Are You Sure That’s Crabgrass?

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By now, most have heard about the ability of crabgrass to provide high-quality forage during the summer months, both for grazing and hay. Although it is typically regarded as a weed, livestock will preferentially graze crabgrass, and it has been reported to have crude protein levels of up to 21%, and total digestible nutrient levels of up to 64%.

people in a field

A group walking through a pasture of Red River Crabgrass at the NC State E. Carroll Joyner Beef Education Unit in 2019.

On the other hand, there is a grassy weed that livestock avoid. It is much “tougher”, making it harder to graze and sometimes hard to mow. It grows in low fertility soils and thrives in poor management settings. I have seen it mistaken for crabgrass numerous times. Goosegrass has a seed head shaped similarly to that of crabgrass, but one could argue that is where their similarities end. In situations where goosegrass is mistaken for crabgrass, crabgrass often ends up with a bad reputation. Learning the differences between the two can help avoid this case of mistaken identity.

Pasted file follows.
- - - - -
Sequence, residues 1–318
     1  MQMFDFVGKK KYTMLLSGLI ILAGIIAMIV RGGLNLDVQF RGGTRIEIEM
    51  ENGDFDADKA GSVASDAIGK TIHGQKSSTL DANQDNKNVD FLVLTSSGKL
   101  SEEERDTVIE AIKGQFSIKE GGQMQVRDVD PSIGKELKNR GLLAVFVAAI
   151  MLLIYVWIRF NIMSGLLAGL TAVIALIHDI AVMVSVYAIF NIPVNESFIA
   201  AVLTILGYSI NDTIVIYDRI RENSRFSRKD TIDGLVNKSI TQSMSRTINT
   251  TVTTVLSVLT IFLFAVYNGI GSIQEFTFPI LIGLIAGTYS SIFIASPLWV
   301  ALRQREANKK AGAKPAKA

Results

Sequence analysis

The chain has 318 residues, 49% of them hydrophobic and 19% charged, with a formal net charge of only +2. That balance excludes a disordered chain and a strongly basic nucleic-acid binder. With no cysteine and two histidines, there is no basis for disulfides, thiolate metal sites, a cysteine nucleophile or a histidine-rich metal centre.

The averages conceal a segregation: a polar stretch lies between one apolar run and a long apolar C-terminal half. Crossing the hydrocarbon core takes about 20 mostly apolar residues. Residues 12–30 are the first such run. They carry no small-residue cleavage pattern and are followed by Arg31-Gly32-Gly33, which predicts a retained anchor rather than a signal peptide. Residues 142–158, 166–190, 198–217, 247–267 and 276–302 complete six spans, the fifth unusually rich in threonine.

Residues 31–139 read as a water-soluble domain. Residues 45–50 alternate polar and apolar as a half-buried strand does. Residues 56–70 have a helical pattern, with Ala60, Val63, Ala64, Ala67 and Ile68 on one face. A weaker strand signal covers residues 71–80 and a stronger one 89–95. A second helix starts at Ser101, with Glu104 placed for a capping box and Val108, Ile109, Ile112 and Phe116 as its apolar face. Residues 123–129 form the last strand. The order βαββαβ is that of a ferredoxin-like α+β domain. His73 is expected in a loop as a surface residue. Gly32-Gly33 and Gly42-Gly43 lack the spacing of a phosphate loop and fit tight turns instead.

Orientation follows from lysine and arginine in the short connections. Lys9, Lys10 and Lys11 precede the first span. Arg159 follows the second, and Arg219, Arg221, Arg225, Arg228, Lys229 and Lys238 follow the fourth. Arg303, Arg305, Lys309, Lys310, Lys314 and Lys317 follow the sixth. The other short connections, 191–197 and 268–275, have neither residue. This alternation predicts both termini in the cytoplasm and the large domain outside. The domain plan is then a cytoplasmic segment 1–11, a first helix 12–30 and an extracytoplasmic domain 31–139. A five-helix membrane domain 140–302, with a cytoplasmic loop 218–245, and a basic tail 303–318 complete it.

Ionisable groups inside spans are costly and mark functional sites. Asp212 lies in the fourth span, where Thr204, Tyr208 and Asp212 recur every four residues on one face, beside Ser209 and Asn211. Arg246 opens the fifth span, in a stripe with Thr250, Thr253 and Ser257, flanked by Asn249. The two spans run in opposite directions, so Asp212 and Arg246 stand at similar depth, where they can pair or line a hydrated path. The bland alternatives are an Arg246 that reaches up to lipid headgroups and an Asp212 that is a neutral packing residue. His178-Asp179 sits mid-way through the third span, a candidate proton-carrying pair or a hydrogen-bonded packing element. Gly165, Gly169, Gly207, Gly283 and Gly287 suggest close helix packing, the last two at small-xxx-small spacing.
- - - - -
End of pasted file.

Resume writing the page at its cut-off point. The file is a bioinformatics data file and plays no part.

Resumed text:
seedheads

Crabgrass on the left, goosegrass on the right. Both the seed head and stem are thinner on crabgrass

As seen above, the stem and seed head of crabgrass is finer than that of goosegrass. Another easy to identify characteristic of crabgrass are its hairy ligules, which are not seen on goosegrass. Goosegrass also has a prostrate growth habit, which is not seen in improved forage varieties of crabgrass.

crabgrass ligule

Ligules of a crabgrass plant. Note the prominent, fine hairs Science Photo Library

Closeup of goosegrass

There are very little to no visible hairs on goosegrass

Questions about crabgrass, or any other forage? Call N.C. Cooperative Extension of Stokes County at 336-593-8179.